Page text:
In my first year at U of T, I founded OneChild – a non-profit organization that empowers young people to take action against child sex slavery. At 19, I didn’t know what it took to develop a non-profit, but I learned the ropes as I went along. As the organization grew, it demanded more of my free time. It was a very busy, stressful period. I considered taking a break from U of T to prioritize the development of OneChild.
Bruce Bowden, Trinity College’s registrar at the time, supported me to continue as a student while also growing OneChild. He advocated for me to have extra time to complete essays or write tests. He also wrote a recommendation letter for my entry into graduate school, and another such letter that helped me land my current fellowship at Care, an international development and humanitarian relief agency. I am now based out of its Washington office, where I work on efforts to end child marriage and gender-based violence.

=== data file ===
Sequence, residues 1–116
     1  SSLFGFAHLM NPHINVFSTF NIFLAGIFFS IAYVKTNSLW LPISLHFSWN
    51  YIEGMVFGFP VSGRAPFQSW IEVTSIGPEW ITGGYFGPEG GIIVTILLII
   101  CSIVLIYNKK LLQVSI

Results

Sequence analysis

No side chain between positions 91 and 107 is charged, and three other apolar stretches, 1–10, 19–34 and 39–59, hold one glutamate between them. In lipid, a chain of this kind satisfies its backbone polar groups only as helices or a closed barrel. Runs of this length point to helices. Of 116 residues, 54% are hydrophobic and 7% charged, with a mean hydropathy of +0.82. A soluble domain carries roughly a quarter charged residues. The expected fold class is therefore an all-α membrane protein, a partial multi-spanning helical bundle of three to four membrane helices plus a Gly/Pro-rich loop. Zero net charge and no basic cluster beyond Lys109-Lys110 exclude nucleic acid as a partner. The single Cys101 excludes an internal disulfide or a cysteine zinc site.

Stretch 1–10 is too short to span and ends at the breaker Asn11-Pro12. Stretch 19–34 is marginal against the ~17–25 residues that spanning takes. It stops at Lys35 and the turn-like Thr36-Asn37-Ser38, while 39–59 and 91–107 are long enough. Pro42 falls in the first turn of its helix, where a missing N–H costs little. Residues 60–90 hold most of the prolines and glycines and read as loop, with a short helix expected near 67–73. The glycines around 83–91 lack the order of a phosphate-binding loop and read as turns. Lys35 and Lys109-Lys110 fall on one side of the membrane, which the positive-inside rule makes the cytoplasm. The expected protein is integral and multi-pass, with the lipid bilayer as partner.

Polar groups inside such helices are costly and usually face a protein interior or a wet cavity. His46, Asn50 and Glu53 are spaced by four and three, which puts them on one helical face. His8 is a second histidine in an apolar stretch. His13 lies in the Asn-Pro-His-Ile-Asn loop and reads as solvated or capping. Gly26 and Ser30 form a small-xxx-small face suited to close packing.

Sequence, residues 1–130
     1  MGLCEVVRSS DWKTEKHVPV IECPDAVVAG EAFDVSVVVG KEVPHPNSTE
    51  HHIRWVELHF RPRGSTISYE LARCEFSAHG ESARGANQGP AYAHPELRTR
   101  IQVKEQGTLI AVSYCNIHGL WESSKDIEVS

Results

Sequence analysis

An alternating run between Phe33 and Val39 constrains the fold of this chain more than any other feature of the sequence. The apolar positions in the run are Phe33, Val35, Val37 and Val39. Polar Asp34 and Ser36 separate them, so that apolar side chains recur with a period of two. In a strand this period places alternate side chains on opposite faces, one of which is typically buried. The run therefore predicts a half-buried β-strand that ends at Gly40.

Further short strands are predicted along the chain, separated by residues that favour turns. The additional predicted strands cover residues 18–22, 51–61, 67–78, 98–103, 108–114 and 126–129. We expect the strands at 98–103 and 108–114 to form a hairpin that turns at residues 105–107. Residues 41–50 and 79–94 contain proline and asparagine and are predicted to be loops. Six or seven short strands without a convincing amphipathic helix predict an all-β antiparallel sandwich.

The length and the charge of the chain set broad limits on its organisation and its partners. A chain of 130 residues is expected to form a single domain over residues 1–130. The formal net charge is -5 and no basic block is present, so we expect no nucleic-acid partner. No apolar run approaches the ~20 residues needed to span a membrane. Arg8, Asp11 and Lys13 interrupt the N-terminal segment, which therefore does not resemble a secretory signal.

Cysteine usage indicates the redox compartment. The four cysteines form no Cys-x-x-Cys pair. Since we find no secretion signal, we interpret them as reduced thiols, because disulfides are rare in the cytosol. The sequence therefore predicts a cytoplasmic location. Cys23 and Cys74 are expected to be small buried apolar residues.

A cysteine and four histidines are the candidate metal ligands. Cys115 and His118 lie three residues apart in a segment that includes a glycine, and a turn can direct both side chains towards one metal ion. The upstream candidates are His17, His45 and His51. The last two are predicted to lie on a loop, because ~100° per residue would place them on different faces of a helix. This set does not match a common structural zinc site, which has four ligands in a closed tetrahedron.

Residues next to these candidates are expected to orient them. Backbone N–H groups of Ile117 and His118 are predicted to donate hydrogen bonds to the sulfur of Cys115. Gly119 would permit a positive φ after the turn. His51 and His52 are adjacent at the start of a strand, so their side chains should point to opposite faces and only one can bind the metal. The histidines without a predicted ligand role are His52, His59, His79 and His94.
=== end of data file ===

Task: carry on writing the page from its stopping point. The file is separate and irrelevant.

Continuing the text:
Bruce enabled me to manage my undergraduate career and develop as a social entrepreneur. By sticking with my education, I gained the theoretical knowledge to build my non-profit, and to pursue other youth advocate roles at organizations such as the UN. To have someone at U of T as a champion was so helpful.
As told to Sharon Aschaiek
By bringing artificial intelligence into chemistry, Prof. Aspuru-Guzik aims to vastly shrink the time it takes to develop new drugs – and almost everything else